I got my ESP32 dev board in, so I started working on getting it up and running. I started with this tutorial to get microPython flashed onto the board and set up a very simple web server. It wasn’t part of my original plan to have a website to control the OpenLitter, but it’s basically already done by following the above tutorial, so I might as well include it.
This is running on the ESP32, it allows a single user to go to the website (currently the ESP32 IP address) and interact with the ESP32. Right now all it does is turns the built in LED on and off, the “Last Rotated” is a stand-in for now, but I think I’ll include something that shows when the OpenLitter last cleaned itself. Also, the Rotate and Cancel buttons actually turn the LED on and off, I was mostly just playing around to see how it could look.
One of the features I wanted to include was an easy way to setup the OpenLitter on WiFi. To do this, I’m making use of the microPython framework called WifiManager. I ended up merging the default code from the first tutorial with the main.py and wifimgr.py files from this library, it was pretty painless and is a really nice solution to giving the ability to change WiFi information on the fly. I’ll need to add a way to reset the WiFi, but it’s good enough for now. One thing to note, when configuring the WiFi information for the first time, the ESP32 needs to be restarted manually after the credentials are put into the web GUI. It shouldn’t be hard to make it restart automatically, but I haven’t put that much effort into it yet.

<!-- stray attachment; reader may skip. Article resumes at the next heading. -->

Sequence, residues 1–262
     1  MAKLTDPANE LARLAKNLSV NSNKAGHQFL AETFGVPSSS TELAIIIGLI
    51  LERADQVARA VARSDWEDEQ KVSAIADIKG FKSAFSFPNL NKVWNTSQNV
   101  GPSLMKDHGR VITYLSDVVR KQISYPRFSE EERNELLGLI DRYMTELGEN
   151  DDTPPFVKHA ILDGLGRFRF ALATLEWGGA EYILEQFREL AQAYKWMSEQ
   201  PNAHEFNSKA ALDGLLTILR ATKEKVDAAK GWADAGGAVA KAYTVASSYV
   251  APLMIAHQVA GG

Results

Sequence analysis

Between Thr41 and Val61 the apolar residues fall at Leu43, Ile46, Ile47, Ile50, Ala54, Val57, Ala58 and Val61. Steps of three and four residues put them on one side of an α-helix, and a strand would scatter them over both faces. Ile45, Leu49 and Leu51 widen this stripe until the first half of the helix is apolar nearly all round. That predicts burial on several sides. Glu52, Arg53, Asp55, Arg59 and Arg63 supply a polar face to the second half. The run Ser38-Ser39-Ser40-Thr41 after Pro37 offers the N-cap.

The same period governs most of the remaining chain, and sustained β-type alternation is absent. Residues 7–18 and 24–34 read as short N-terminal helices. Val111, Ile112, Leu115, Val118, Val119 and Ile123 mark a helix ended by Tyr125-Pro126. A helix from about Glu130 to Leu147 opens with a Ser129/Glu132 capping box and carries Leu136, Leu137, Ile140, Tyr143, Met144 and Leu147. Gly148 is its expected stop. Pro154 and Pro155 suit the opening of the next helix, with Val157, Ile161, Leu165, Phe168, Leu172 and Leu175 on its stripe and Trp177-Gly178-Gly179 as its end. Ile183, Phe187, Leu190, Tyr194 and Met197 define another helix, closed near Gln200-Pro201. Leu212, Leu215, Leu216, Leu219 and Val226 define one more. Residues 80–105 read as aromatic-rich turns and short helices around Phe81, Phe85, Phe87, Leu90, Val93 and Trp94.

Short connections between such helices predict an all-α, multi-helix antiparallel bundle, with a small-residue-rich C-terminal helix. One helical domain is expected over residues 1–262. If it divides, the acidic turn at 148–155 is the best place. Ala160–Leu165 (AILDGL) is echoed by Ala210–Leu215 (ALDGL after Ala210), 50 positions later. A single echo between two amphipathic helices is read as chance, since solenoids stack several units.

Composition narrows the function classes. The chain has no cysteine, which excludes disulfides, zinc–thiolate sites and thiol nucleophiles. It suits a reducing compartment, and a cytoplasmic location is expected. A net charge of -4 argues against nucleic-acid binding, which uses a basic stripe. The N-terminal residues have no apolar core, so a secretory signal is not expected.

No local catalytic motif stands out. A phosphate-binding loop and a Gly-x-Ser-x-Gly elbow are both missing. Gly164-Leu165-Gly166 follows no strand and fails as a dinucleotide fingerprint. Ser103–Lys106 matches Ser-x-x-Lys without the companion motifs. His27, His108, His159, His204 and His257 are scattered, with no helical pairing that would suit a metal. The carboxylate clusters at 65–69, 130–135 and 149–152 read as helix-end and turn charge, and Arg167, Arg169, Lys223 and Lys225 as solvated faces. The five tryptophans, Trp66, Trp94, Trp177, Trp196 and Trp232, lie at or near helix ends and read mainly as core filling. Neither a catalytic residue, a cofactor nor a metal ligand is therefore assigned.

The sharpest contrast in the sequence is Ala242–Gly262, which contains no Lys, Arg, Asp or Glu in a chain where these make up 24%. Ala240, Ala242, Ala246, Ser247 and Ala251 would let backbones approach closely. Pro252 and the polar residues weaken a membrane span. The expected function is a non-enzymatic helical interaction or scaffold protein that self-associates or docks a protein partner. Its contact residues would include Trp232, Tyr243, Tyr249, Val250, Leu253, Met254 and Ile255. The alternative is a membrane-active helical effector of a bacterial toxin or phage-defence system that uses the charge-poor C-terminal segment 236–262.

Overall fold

The last part I wanted to add to the skeleton files before actually adding features that interact with the LitterRobot was pretty unnecessary, but it was bothering me and not a lot of work, so I went ahead with it. When the ESP32 running microPython connects to your WiFi, it defaults to the hostname of “Expressif”. This isn;t a big deal when there is only one ESP32 on your network, but it could get confusing if you have multiples. Turns out it only takes 1 extra line of code to define a new hostname, see here for more information.
# Search WiFis in range
networks = wlan_sta.scan()
I added the 3rd line shown above to the wifimgr.py file, and that’s it. Pretty simple, but it adds a nice touch to what will hopefully be a nice polished project… eventually 🙂
For the code described in this post, check out the Software/Python folder in commit “0f61f1e5c77f81c50cbee0f1ff2c47c5cce5f2be”.